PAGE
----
Timeline of Systematic Data and the Development of Computable Knowledge
1900: National Physical Laboratory; National Bureau of Standards
Using physics to create standards
NPL in the UK and NBS in the US are founded to make measurements and standards using methods from physics.
Controlling foods & drugs
The Pure Food and Drug Act effectively founds the US Food & Drug Administration.
1907: Chemical Abstracts
Volunteers contribute abstracts to the first issue of Chemical Abstracts published in the US; this system is in place through the 1960s.
1910: Principia Mathematica
Whitehead and Russell attempt to present mathematics formalized in terms of logic.
Collecting the world's knowledge on index cards
Paul Otlet and Henri La Fontaine collected twelve million index cards of information, planning to create a world center for answering factual questions.
1913: Al Elias
Bringing statistics to sports
The Al Munro Elias Bureau starts producing scorecards and statistics on baseball.
1913: Chemical Rubber Company
CRC publishes the first edition of the Handbook of Chemistry and Physics.
1921: Frank and Lillian Gilbreth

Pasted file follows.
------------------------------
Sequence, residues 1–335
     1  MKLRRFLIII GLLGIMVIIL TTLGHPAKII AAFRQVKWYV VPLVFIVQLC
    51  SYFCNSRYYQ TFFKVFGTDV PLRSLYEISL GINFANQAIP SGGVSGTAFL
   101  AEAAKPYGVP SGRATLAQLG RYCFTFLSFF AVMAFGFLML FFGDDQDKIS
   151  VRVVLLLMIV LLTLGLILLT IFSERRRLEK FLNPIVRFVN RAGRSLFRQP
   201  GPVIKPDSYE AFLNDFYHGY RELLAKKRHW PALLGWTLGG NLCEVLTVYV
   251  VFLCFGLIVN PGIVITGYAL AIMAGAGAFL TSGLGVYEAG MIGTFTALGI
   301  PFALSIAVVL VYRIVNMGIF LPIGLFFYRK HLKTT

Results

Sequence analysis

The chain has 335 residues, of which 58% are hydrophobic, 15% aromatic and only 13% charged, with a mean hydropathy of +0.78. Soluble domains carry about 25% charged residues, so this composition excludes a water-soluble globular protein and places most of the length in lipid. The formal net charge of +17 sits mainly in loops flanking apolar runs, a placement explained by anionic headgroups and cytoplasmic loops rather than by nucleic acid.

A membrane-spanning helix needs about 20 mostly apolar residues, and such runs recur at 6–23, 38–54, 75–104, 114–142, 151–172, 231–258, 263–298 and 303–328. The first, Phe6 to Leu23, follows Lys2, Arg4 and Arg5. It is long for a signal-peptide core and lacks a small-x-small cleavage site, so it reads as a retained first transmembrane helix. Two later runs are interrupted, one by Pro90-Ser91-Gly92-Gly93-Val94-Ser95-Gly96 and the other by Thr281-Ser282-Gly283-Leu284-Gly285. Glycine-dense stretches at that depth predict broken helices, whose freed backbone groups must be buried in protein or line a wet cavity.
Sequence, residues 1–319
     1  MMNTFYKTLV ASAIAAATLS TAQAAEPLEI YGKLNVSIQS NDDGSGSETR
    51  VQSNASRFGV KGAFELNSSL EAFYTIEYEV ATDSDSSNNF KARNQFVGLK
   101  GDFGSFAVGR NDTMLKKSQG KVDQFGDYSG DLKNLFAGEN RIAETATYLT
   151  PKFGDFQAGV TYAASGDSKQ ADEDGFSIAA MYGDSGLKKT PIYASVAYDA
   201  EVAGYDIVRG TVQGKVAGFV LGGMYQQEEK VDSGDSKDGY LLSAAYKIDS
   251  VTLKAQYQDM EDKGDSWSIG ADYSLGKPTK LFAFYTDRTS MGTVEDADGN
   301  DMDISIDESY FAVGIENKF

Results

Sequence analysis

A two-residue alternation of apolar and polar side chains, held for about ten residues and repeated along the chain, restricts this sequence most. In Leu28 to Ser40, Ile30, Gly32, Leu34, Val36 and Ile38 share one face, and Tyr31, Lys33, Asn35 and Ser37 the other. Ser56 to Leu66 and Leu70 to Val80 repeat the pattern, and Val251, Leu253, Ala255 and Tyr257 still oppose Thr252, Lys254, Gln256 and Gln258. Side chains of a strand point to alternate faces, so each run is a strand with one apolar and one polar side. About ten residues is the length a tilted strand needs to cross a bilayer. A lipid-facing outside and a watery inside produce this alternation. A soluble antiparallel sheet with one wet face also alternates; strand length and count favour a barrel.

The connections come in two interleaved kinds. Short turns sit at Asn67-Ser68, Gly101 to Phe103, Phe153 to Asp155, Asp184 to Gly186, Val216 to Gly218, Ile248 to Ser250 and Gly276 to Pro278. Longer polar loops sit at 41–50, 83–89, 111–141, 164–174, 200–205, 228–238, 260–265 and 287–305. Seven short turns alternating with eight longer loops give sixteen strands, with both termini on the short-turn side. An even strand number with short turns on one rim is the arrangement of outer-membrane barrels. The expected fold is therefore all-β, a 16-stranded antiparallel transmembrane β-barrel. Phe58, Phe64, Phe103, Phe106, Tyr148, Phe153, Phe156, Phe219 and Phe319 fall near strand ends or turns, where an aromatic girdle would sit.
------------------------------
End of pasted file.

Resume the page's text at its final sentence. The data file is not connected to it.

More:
Frank and Lillian ("Cheaper by the Dozen") Gilbreth introduce flow charts as a way to represent processes.
1926: US Code
The US Congress initiates systematic codification of US laws.
1930s: Modern statistics
Putting mathematics into statistics
Ronald Fisher and others lay the foundations for modern statistics.
1931: CIE Color Space
The International Commission on Illumination (CIE) introduces XYZ perceptual color space.
1932: Retail index
Measuring markets for products
The AC Nielsen Company creates a "retail index" for tracking the flow of food and drug purchases.
1935: American Institute of Public Opinion
Measuring public opinion
George Gallup founds the American Institute of Public Opinion and begins collecting opinion polls.
1935: Lambda Calculus
Alonzo Church introduces lambda calculus as an algebra-style notation for computations.
The concept of universal computation